A Guide To Having Better Friends, Family & Partners
Featuring words by guest blogger: Jasmin Pannu
When I was younger I had this idyllic vision of what I thought adulthood looked like. And at the crux of that imaginative world was a big group of great friends and family.
Turns out, relationships are harder than I thought.
Cornell University found out that the average adult has just 2.03 confidants in their life. To make that number hit even harder, a study by Harvard states that the greatest factor to our long-term happiness and health is in fact, our relationships.
So, what can we do to improve our relationships? Here are a few things I’ve used in my own life to start building that big group of family and friends I once imagined.
Better Platonic Relationships
With some relationships, like the ones that span entirely at the water cooler, there’s really no need to transcend small talk- but bettering our relationships with our friends and peers literally has the power to change our quality of life.
On Friends and Peers
The first thing I had to teach myself to better my relationship with friends and peers was how to really listen. The 5 levels of listening are: for the gist, to rebut, for logic, for emotion and for point of view. Relationship progress only ever comes from the listening-for-point-of-view level, which is an intention I now actively set for all of my conversations.
The next breakthrough I made with friendships came after discovering Dr. Brene Brown’s work on the anatomy of trust.
Prior to discovering her work, I found that friendships were unpredictable. Sometimes they would work, other times they wouldn’t. I chalked it up to chance.
Dr. Brene Brown coined the acronym B.R.A.V.I.N.G (Boundaries, Reliability, Accountability, Vault, Integrity, Non-Judgement, Generosity) to explain the various pieces that go into building friendships.
I highly recommend reading her explanation and breakdown of each component. Since I’ve become acquainted with the acronym I’ve become better at ending friendships that haven’t worked for me and building new ones that do.
Family is one those words that has a drastically different connotation depending on your experience. For some, family is anchored to feelings of comfort, safety and love. For others, it’s anchored with a lack of those things.
With that said, I’ve always loved the phrase, ‘even if the wound is not your fault, the healing is.’ I think it’s empowering. It’s a form of self-love.
I found it incredibly helpful to take the time to self-reflect on my familial relationships. From that reflection, I realized how my attachment style, learned in childhood, perpetuated itself through my adult relationships.
I also gained clarity about the beliefs I held about myself and the world around me, ones that weren’t mine, but were given to me by my family.
To do this work, I used books like, ‘Healing the Wounds of Childhood,’ as a guide. And afterwards, I used ‘Unconditional Forgiveness’ to transition from a place of self-growth to a place focused on bettering my relationships.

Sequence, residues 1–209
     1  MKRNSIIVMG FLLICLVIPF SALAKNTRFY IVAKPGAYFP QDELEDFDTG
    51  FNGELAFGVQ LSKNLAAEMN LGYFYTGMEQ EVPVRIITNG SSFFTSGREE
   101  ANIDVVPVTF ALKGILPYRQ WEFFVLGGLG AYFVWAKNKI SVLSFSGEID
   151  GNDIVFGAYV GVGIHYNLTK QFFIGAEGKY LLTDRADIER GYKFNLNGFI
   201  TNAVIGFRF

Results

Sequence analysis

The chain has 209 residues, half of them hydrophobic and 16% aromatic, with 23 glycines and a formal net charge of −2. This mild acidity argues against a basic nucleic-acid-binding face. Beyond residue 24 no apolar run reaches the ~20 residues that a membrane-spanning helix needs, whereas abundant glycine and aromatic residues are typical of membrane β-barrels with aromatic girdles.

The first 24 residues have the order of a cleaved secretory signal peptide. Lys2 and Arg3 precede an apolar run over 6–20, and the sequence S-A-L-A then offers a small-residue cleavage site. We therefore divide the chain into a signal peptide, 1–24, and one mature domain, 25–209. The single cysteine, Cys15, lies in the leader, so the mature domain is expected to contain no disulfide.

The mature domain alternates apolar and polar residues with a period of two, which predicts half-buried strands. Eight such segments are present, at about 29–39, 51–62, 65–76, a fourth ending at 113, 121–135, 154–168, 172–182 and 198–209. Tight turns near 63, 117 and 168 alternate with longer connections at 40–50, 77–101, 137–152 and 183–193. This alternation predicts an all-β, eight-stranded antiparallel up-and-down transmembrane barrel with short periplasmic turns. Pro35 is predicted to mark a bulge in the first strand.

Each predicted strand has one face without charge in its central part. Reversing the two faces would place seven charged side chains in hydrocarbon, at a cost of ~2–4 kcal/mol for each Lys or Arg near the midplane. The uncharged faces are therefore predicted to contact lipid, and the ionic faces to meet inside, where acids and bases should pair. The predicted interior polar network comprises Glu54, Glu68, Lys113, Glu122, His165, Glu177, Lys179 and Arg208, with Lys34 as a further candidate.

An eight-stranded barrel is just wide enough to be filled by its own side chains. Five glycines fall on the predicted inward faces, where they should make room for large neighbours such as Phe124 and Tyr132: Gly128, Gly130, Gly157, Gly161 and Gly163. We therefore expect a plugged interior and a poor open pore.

As a final note on family relationships, I will say this: not all relationships are meant to last and sometimes your own evolution will end those relationships. When it’s a family relationship you’re ending, it’s especially hard. If you find that it needs to be done out of self-love, not everyone will support you, but I want you to know that I understand.
Better Romantic Relationships
I found (the hard way) that a side-effect of romantic love is that it brings to the surface some of your greatest areas of opportunity- and you have to grow through them.
I had to reconsider my upbringing, things I thought I knew to be true, my purpose, goals, conflict management and everything in between.
Books like Getting the Love you Want and The Argument-Free Marriage introduced me to new, healthy models of relationships and saved me from operating on the auto-pilot of only the relationships I had seen or experienced in my life experience. From there, I was able to consciously create an original relationship.
In any strong partnership, two individuals commit to evolving and meet each other there. And the bottom line is that comes from a process of self-awareness, an intention to focus inwards, and then to grow to meet your partner.
One day, I hope that through my own self-work I’ll have the tools to actually have the incredible relationships I once imagined as a child, with everyone in my life.
In the meantime, I’m holding on to my sporadic but beautiful moments of deep connection. I’ll be grateful for them, and nurture them until one day I grow old with the joys of intimate, strong relationships all around me. I think that will be the greatest marker of a successful life. I wish the same for you, too.